Old Mill in the Blackpool Valley
Blackpool Mill, one of the old mills found along the Blackpool Valley. This hidden valley has changed very little over the years. Have a look at the painting below of a nearby farm to see how the area looked nearly a century ago.


Apple Blossom, Riversbridge Farm, Blackpool by Lucien Pissarro, 1921, from Royal Albert Memorial Museum Exeter


At this time of year, the trees are dark latticeworks of bare branches but pale brown immature catkins were showing well on some of the trees, readying themselves for the spring.  Patches of winter heliotrope spread along verges enclosing the ground with their fleshy, green, heart-shaped leaves.  Purple and white lollipop flowers struck through the leaves, broadcasting their characteristic almond odour.

Catkins and running water in the Blackpool Valley
Catkins above running water in the Blackpool Valley


Winter Heliotrope in the Blackpool Valley
Winter heliotrope in the Blackpool Valley


Eventually, we reached Blackpool Sands, a popular shingle beach and café, surrounded by pine trees and sheltered by steeply rising hills.    The low winter sun created strongly contrasting colours: the yellowish- brown shingle, the fringe of frothy white waves, the sea a rich dark blue tinged with turquoise highlights, and there were clear views across the bay to Start Point with its lighthouse.   Near the café, a hardy group of swimmers were struggling on their wet suits in readiness for a dip.  They passed me as they ventured in to the sea accompanied by audible yelps and shrieks.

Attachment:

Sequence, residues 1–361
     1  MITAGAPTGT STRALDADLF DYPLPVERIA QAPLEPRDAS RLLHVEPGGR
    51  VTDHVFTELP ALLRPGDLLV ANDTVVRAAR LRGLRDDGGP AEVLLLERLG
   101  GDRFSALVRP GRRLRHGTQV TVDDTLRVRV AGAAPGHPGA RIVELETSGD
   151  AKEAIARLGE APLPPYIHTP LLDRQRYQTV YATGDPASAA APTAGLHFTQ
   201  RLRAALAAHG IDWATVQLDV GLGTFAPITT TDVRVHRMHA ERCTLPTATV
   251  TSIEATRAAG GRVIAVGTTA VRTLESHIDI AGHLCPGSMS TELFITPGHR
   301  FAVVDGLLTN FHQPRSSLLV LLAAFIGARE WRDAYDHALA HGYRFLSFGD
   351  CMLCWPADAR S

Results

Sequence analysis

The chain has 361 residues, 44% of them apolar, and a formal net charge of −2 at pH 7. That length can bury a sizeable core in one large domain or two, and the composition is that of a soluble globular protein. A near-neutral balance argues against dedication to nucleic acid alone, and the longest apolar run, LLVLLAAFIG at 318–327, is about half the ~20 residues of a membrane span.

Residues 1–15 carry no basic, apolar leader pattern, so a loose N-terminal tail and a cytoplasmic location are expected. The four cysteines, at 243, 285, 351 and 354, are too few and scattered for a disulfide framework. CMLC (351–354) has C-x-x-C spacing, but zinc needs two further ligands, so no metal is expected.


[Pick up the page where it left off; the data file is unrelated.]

View across Start Bay from Blackpool Sands to Start Point
View across Start Bay from Blackpool Sands to Start Point


Swimmers at Blackpool Sands
Swimmers at Blackpool Sands …… with friend.


I was keen to have a look at the shingle beach for two reasons.  There had been a very successful beach clean four days previously organised by Amanda Keetley of Less Plastic.  We hadn’t been able to be there owing to family commitments but there had also been storms since then and I wondered how much more plastic had washed up.  I didn’t find any, the beach was still clean which should have been good news.

To be honest, however, I was feeling disheartened about efforts to reduce the load of plastic in our seas after reading two articles in the Guardian over the Christmas period.  It seems that the US, along with financial support from Saudi Arabia, is planning a huge increase in plastic production, the driver being cheap shale gas.  If we are to reduce the amount of plastic in our seas we need to reduce the amount in circulation and this new plan runs directly counter to this.

Here are links to the two articles:

$180 billion investment in plastic factories feeds global packaging binge

World’s largest plastics plant rings alarm bells on Texas coast

I am not sure how this can be stopped but I am convinced that the drive for perpetual economic growth, espoused thoughtlessly by so many of our politicians, is ultimately very damaging for our planet.

If we love our beaches and our seas, we have to talk about plastic

Towards the end of October, I spent a day at Cogden Beach, just east of Burton Bradstock in west Dorset.   It’s a beautiful, natural spot, a rich concoction of sea, sky and shingle where wildlife prospers despite the sometimes harsh conditions.  It’s becoming increasingly difficult, however, to ignore the scatter of plastic pollution on the beach and the potential effects of this manmade material on marine life.

Cogden Beach looking towards Golden Cap
Looking west along Cogden Beach towards Golden Cap, showing the clumps of sea kale and yellow horned-poppy